The Iranian History 1834 AD


Fathali Shah Dies

Oct, 23, 1834 AD

A person descends from his horse to show his allegiance to Fathali Shah : From the book ShahanshahnamehFathali Shah was the nephew of Agha Mohammad Khan who ascended the throne on June, 17, 1797 after his uncle was murdered. His reign marked great territorial losses for Persia. Although he was praised for his vigorousness and intelligence by foreign diplomats, in their private notes, they described him as lazy and greedy.
Fathali Shah of Qajar dynasty who reigned in Iran for more than 36 years died in Isfahan. He was born in Damghan in 1771. After his uncle eunuch Mohammad Khan died, he became king. His real name was Khan Baba but he chose Fathali Shah as his crown name. The most dramatic event during his reign was separation of Transcaucasia (Georgia, Armenia and Azerbaijan) from Iran after wars lost to Russians. His son, Abbas Mirza was nominated as crown prince and his successor though he died before his father and thus Mohammad Shah became the next Qajar king.
As the Iranian army was technologically inferior against the imperial Russia, Fathali Shah sought help from other European countries. He signed a military agreement with Britain who refused to help claiming that the military agreement did not concern a Russian attack. Britain just followed her change of priorities in the war against Napoleon. Then Fathali Shah sent a diplomat to sign the Treaty of Finckenstein with France. Only later to see that the French made peace with Russia and turned their back on Iran. In the end, Iran had to settle for the best accommodation that could be made with Russia. An alternative with little or no benefit for Iranians that was hidden from the public for a long time.
Fathali Shah's heritage included 158 wives and 260 children. He thus gave way to a corrupt royal court sunk in lust and avarice. His spent much time and effort on ceremonial regalia, large-scale oil paintings and a phony court culture with rigid etiquette that negatively affected the Iranian culture to the extent of total degeneration. He employed writers and painters to make a book called Shahanshahnameh about his wars with Russia.
Abbas Mirza, his Crown Prince died in 1833 and he named his grandson Mohammad Mirza as his successor. (Updated: Sep, 29, 2008)

Mohammad Shah's Coronation

Dec, 16, 1834 AD

Haji Mirza AghasiCrown prince Abbas Mirza had passed away one year before Fathali Shah's death on Oct, 1834. Mohammad Mirza who had entered Tehran in June was appointed crown prince and the governor of Azerbaijan. Mohammad Mirza went to Tabriz with his Vezir Ghaem Magham Farahani. As soon as the news of Shah's death arrived, Farahani blinded Mohammad Mirza's two brothers Jahangir Mirza and Khosrau Mirza in Ardebil prison and made preparations for Mohammad's coronation.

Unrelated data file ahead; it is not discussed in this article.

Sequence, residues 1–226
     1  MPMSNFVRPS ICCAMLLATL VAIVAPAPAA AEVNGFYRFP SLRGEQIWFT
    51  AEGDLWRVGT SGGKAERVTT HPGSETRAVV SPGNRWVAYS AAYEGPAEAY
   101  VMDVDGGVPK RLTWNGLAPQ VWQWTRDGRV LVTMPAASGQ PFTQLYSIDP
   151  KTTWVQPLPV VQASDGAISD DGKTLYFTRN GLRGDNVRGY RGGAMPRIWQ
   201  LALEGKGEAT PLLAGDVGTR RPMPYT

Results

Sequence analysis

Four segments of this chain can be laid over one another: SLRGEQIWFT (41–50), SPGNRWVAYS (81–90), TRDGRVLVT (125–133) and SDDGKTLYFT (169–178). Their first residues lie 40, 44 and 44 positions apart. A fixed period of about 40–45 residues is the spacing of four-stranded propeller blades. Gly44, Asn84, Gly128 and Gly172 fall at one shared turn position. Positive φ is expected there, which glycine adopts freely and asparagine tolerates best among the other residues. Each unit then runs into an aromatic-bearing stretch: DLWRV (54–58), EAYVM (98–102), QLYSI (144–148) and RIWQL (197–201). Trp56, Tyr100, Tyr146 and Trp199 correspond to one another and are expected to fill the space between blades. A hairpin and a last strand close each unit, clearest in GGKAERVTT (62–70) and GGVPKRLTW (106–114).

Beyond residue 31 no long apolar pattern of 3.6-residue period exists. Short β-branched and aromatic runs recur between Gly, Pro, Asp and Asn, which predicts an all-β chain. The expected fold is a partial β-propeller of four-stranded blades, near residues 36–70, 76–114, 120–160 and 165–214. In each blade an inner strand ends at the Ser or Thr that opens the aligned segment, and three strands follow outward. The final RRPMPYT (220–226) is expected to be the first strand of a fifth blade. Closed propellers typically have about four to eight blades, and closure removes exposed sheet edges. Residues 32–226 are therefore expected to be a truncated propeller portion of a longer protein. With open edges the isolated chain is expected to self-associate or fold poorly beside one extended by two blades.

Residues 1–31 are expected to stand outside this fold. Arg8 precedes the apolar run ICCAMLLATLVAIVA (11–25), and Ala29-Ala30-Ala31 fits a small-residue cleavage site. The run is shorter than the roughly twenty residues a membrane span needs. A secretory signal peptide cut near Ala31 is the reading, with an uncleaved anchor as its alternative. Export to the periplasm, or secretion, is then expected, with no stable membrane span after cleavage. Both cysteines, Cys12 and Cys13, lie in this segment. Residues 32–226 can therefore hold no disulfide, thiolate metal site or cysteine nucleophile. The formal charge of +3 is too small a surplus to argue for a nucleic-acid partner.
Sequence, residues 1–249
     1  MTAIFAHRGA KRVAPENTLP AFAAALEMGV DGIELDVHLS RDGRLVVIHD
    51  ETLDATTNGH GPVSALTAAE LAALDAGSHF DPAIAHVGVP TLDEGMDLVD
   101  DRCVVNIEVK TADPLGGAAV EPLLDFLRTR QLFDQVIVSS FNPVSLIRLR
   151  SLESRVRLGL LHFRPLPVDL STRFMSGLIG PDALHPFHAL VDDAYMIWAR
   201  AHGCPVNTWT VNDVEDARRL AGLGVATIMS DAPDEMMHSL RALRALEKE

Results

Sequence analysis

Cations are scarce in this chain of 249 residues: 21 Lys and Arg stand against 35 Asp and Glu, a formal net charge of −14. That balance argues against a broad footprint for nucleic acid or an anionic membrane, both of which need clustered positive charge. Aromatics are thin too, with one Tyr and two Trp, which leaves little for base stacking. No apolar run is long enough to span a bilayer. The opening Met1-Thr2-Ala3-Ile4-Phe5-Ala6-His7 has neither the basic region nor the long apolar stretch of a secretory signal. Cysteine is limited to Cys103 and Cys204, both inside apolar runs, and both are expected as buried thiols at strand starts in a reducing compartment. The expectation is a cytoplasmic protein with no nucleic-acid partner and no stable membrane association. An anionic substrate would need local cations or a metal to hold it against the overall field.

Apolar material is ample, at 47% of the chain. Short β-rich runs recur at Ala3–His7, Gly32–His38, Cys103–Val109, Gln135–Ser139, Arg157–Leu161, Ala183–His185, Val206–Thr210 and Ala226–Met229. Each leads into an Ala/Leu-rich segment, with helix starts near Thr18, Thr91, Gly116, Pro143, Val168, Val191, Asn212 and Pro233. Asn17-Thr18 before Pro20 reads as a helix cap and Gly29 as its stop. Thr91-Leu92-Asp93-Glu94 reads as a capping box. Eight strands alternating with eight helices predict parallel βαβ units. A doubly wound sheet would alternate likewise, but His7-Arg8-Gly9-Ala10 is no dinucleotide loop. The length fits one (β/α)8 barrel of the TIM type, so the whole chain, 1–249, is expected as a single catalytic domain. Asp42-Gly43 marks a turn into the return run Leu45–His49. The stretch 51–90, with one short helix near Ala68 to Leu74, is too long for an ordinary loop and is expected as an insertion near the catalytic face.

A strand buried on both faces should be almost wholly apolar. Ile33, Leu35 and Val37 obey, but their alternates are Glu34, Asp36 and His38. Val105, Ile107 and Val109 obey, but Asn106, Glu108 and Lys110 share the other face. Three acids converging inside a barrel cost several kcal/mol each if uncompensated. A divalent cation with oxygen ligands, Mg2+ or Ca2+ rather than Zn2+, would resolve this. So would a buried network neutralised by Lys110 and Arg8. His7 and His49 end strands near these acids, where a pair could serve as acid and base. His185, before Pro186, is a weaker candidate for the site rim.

Mohammad Shah ascended the throne as the third Qajar king on Dec, 16, 1834. Farahani was appointed his Vezir again and started eliminating opposing voices. Having a wise Vezir, Mohammad Shah started reforming some institutions but the Qajar court was already contaminated with foreign and Harem influence, and rumors of a conspiracy made the Shah suspicious of his Vezir and who was soon strangled to death in Negarestan Garden.
Haji Mirza Aghasi's appointment as Vezir was a great disaster as he was very superstitious and wanted to govern the country by black magic. Nevertheless, he was able to keep the Shah satisfied. Mohammad Shah marches towards Herat in September, 1837. Backed by the British, Herat's governor Kamran Mirza decided to resist. The Iranian army captured the well fortified Ghurian Castle. The British first sent envoys to convince Mohammad Shah for peace. When they did not succeed, the British declared war on Iran and captured the Khark Island. It was not until Bushehr came under attack that the Shah found out that the Russians had betrayed him and made a deal with the British. He therefore had to lift the siege on Herat and return to Tehran.
During the rest of Mohammad Shah's rein, Iran was the scene of multiple revolts and uprising from every corner. Neither the Shah nor his incapable Vezir had the qualifications to rule the country. Mohammad Shah finally died of gout disease after 14 years of reign at the age of 42. He was succeeded by Naseroddin Shah. (Updated: May, 31, 2009)

Iran Purchases Coinage Machine

Dec, 25, 1834 AD

Iranian Qajar Girl Sahebgharaniye PalaceIran used to have first uniform gold coins in the world since Dariush I and thus Iranians were the first nation to have a monetary policy, but during the Qajar reign with infiltration of the royal family by foreign missionaries Iran became more and more dependent on the foreign countries.
During the reign of Fathali Shah (1797-1834) the first steps toward a modern currency were taken. In Tabriz and Isfahan mints well-executed silver and gold coins were struck along with the normal, less carefully minted products, with full, even pressure and neat edges similar to those found on contemporary British Indian coins. It is unclear whether these coins were intended only for presentation or as prototypes for a technically superior circulating coinage,
On Dec, 25, 1834 a coinage machine was purchased from Brussels so that the money used in day-to-day transactions would have same shape and weight. It was the last year of Fathali Shah's reign.
During Naseroddin Shah's reign a more sophisticated machine was purchased from France in 1865 but it did not become operational until 12 years later under an Australian advisor named Pachan.
Fathali Shah died at the age of 68 in Isfahan in 1834. His body was buried in the city of Qom. He had several children but following his will, his grandson Mohammad Mirza succeeded him. He was the son of Abbas, the crown prince who had died before. (Updated: Mar, 24, 2008)

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